Most recently, he helped endorse three candidates for the trustees' May alumni elections. Before their victory was official he addressed the current trustees at their meeting, saying, "We'll never understand your lust for power, board of trustees, but we will never back down."
Though Harris didn't start the Penn Staters For Responsible Stewardship group (PS4RS), his involvement has helped give it significance. PS4RS now has 20,000 members. For the recent board election, Harris spearheaded a committee that screened more than 25 candidates seeking the approval of PS4RS. The three endorsed by Harris and PS4RS easily won.
Whether Harris is flying to California, commanding attention at a trustees meeting or espousing his views on TV, many involved say he is not only the key link holding this chain of protest together, but the original designer.
"If it's not Franco, I don't know who it is," Penn State trustee Anthony Lubrano said. "Without that notoriety, without that push, I think it would've been much easier to just say, 'You know what, we're just moving on and we're not looking back at this at all.'"
Ruffling feathers: After screening the mini-movie "The Framing of Paterno," passing out diagrams of the infamous Lasch Building coaches' locker room and bringing up possible conspiracy theories at his "Upon Further Review" rally in the State College hotel ballroom, Harris asks the crowd, "Who can we believe in? Who can we trust?" Quickly, somebody yells, "You Franco."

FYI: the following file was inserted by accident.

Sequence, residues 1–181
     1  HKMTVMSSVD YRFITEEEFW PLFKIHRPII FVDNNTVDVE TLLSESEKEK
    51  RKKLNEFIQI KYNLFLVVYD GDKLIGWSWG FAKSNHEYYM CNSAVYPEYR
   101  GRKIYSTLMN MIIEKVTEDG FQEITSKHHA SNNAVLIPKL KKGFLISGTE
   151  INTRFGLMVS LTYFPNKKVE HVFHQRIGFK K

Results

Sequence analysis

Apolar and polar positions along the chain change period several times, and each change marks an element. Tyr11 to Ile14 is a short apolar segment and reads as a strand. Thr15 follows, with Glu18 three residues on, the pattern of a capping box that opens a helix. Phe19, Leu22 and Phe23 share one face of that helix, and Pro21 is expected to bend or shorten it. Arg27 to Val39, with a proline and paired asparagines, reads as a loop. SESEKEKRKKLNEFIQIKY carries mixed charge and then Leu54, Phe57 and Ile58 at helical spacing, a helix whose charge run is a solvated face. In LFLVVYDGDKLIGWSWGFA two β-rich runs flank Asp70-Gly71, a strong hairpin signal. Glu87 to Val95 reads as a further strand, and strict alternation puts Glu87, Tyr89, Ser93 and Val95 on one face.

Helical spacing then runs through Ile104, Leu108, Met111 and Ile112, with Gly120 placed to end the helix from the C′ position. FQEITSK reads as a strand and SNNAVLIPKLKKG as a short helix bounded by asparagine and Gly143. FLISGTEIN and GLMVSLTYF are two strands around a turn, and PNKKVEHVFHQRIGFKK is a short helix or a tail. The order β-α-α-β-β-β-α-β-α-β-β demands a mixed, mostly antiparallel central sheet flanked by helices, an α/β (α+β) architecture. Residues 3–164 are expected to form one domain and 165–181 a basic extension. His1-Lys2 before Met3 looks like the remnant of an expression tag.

The event could sound like a revival if Harris wanted it to. Even when discussing heated issues, though, he sounds remarkably calm, almost soothing. His steady cadence masks the complexity or, as many would say, the extremeness of his rhetoric.
There is no reluctance when it comes to divulging his hard-core beliefs about Paterno, who died in January 2012. Harris discussed how after analyzing Paterno's grand jury testimony he now thinks Paterno was "briefed" by somebody on what to tell the grand jury because of language he considers unusual.
Another one of his major points centers on a conspiracy to fire Paterno that he believes is linked to John Surma, the former trustees vice chairman, who is the CEO of U.S. Steel. His evidence toward this conclusion is largely based upon a frayed relationship between Paterno and Surma's brother, Victor Surma, a former Penn State football player, depicted in a series of emails recovered from a 2007 Penn State letterman's listserv group.
Neither Victor Surma nor John Surma responded to interview requests.